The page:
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HIST 345: Second World War - McGrath: Finding Primary Sources
Add 'sources' to your keyword search in OhioLINK. The subject term for many primary documents uses the word 'sources'. You can also try words like 'letters', 'correspondance, ' 'personal narratives', 'diaries', 'papers', 'journals' or 'oral history'.
Many museums, libraries, universities and other organizations are digitizing primary sources for scholarly use. Try a google search using 'primary sources' as one of your keywords, or other words such as letters, etc.
For best results, limit your search to sites hosted by educational institutions (.edu) or the government (.gov). Do this by using Google's advanced search, or just add 'site:.edu' or 'site:.gov' to your search.
Be careful with online sources - check their 'about us' page to see who they are. Look for citations of the original source.
A collection of Alan Turing's letters, talks, photographs and unpublished papers, as well as memoirs and obituaries written about him. It contains images of the original documents that are held in the Turing collection at King's College, Cambridge
Over 150 years of military medicine and wartime experiences are covered in the Royal Army Medical Corps digitised archive. More than 130,000 digitised pages of correspondence, reports, personal field diaries, memoirs, photographs and memorabilia given to the RAMC Museum and Archive (now the Army Medical Services Museum Trust) by former officers and men of the Corps.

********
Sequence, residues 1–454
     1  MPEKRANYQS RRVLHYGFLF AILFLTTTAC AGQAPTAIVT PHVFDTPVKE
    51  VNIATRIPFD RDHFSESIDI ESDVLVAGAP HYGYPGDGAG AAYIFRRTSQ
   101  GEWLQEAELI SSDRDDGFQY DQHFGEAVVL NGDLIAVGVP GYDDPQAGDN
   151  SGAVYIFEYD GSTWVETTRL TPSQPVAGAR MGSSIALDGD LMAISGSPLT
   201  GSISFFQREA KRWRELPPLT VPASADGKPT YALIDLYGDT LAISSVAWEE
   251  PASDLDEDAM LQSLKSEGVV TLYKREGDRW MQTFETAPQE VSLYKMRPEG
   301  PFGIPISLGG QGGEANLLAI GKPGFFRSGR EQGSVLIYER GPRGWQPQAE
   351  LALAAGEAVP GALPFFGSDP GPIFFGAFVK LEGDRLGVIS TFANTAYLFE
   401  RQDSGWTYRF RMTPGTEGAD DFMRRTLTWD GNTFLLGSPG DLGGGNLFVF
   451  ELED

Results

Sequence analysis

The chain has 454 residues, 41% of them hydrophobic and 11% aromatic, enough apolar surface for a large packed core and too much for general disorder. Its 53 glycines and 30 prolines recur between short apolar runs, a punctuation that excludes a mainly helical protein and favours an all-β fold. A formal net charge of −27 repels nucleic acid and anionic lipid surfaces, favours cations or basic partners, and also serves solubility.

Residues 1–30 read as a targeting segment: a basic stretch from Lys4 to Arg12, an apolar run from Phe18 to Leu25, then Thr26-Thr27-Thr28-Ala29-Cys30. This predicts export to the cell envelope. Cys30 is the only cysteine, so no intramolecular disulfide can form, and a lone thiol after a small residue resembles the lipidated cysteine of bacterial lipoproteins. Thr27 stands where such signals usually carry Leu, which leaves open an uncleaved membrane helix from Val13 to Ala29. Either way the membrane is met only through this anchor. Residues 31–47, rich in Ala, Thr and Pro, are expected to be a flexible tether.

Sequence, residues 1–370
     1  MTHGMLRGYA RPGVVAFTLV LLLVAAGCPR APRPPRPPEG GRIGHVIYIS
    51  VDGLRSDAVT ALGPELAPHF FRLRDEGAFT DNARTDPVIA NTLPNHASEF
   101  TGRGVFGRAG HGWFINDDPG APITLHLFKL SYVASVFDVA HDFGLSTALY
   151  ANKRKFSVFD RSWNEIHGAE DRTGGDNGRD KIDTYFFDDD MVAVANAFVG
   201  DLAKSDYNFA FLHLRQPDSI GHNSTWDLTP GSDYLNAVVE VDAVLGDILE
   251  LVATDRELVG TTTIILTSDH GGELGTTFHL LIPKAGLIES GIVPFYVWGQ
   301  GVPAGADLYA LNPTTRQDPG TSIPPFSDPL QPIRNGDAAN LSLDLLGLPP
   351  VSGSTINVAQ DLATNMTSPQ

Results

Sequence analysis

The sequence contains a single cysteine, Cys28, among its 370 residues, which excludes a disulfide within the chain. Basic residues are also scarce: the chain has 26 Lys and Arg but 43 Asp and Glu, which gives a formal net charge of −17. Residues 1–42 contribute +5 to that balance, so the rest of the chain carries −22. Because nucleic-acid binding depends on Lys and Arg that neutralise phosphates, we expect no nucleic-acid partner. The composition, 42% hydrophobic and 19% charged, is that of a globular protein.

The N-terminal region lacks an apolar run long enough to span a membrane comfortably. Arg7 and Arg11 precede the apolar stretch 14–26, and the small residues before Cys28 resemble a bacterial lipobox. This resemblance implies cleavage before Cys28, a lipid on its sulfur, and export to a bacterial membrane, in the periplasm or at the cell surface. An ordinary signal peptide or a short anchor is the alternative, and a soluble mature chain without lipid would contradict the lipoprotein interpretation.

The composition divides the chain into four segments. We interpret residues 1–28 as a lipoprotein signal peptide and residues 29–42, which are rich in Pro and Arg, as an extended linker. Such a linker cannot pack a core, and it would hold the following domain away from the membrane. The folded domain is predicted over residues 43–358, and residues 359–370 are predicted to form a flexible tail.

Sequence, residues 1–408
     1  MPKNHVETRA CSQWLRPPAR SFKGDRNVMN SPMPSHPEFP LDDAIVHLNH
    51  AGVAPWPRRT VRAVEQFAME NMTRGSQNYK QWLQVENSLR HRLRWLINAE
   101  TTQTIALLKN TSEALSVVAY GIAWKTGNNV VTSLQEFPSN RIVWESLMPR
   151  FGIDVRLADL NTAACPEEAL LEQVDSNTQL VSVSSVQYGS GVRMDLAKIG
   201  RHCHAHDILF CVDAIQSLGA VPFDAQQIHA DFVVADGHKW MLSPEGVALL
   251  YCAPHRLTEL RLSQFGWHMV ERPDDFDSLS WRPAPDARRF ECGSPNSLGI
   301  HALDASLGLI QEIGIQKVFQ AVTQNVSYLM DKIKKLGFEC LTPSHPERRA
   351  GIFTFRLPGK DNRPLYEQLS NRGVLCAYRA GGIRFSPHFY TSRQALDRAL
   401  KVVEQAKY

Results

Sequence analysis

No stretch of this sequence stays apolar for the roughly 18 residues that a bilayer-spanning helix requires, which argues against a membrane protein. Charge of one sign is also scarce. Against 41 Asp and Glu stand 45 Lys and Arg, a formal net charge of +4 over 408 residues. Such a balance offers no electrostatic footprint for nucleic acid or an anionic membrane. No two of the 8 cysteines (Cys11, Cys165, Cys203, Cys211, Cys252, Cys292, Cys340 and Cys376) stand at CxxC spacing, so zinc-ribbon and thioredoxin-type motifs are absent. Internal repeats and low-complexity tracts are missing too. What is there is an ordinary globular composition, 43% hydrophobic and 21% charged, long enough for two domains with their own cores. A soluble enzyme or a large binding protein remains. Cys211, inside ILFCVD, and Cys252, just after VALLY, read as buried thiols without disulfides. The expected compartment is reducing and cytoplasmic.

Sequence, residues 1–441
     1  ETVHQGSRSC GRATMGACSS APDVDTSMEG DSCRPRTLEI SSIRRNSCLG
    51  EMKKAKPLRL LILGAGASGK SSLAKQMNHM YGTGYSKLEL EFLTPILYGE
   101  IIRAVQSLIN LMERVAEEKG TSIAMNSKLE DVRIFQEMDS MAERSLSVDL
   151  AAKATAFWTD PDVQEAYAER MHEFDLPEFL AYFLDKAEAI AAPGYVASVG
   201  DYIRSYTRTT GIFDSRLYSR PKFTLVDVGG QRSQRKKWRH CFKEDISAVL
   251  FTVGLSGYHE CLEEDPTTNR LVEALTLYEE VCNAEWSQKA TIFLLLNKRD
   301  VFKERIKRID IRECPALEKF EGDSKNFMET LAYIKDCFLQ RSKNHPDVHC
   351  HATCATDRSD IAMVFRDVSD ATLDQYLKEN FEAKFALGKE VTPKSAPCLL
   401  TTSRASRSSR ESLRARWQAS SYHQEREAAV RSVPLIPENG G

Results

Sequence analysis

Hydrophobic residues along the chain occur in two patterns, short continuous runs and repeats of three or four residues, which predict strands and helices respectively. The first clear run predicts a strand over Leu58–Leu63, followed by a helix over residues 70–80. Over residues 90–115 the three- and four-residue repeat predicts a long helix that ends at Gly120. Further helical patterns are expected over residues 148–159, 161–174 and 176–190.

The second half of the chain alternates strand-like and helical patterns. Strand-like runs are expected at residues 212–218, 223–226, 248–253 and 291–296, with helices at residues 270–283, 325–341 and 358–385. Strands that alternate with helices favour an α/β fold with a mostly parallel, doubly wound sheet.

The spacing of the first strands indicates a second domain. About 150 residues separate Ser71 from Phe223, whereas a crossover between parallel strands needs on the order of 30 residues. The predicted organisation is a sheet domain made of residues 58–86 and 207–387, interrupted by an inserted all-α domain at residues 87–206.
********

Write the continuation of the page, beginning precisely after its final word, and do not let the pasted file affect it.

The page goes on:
German History in Documents and Images (GHDI) is a comprehensive collection of original historical materials documenting German history from the beginning of the early modern period to the present.
The project comprises ten sections, each of which addresses a discrete period in Germany's history. Each section addresses the following subjects: Government and Administration; Parties and Organizations; Military and War; Economy and Labor; Nature and Environment; Gender, Family, and Generations; Region, City, and Countryside; Religion; Literature, Art, and Music; Elite and Popular Cultures; and Science and Education.
Produced by the Japanese-Americans interned at assembly centers and relocation centers around the country during World War II, these newspapers provide a unique look into the daily lives of the people who were held in these camps. They include articles written in English and Japanese, typed, handwritten and drawn.